8 – Concetta Gallo for Habitat’s Concetta, cotton printed napkins, £5 each.

7 – Imogen Luddy’s Polite Napkins, £10 each

6 – Lush Designs Vegetable Napkins, £31 for a set of 4

5 – The Coin Laundry’s Hungry Like The Wolf Napkins, £12.71 for a set of 4

4 – Oh Little Rabbit’s Revolver and Daisys Napkins, £12.71 for a set of 4

3 – Cyanide Stitches’ Robot Dinner Napkins, £12.71 for a set of 4

2 – Betsy Grace’s Mustache Napkins, £45.75 for a set of 6

And at Number 1 – our favourite napkins are… drum roll….. yes, you guessed it…. our Beetle Napkins, £20 for a set of 4 … but then that probably didn’t come as a complete surprise now did it??

So, do you know any that we’ve missed out??

Cotton vs. Paper Napkins

We’re often asked by our customers and friends which option we should be going for when it comes to napkins – are cotton napkins more eco-friendly than disposable paper napkins? or is it the other way around?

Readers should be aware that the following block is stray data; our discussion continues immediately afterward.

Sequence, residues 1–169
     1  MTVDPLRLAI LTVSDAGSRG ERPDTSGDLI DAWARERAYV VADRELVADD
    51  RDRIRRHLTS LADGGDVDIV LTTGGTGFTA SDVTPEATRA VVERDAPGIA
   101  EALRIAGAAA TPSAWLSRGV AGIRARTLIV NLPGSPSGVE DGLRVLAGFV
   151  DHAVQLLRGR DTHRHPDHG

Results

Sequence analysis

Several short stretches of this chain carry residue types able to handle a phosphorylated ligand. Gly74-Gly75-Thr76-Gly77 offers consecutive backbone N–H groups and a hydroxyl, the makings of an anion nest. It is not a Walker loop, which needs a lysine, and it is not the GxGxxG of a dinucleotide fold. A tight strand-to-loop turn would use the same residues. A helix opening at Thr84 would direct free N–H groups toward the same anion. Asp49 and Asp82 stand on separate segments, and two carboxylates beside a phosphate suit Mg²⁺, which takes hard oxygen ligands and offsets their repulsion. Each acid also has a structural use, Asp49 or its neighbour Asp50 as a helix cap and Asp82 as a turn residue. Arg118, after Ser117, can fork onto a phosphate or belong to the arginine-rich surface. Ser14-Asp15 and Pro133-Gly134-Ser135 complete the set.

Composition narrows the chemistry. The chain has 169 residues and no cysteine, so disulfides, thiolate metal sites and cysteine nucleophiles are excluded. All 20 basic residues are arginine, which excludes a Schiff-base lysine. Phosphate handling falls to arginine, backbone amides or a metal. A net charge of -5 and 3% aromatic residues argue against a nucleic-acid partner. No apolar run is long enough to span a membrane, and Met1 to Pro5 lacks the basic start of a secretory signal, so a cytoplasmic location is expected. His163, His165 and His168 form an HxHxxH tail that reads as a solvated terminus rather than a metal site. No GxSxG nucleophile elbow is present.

eco napkins

Well, there’s lots of information on the world wide web on this fiercely debated topic but one of the most comprehensive articles comes from Pablo Paster on Treehugger.com.  Here he argues that cotton has about half the impact of paper and to explain his findings he goes through the lifecycle of each inorder to understand their actual cost to the environment.

Cotton napkin production, is without a doubt definitely the more wasteful, needing vast quantities of water for it to grow, pesticides, bleach and yet more water during the processing of the fabrics.  It needs soap to wash it which (can enter and damage water/eco systems), oh, and that’s not to mention the energy required to operate the washing machines to launder and then the dryers to dry them! Yes, that’s quiet a lot to be thinking about compared with the relatively small number of negatives for paper towels – namely deforestation and massive contribution to landfill which is then responsible for producing methane gases.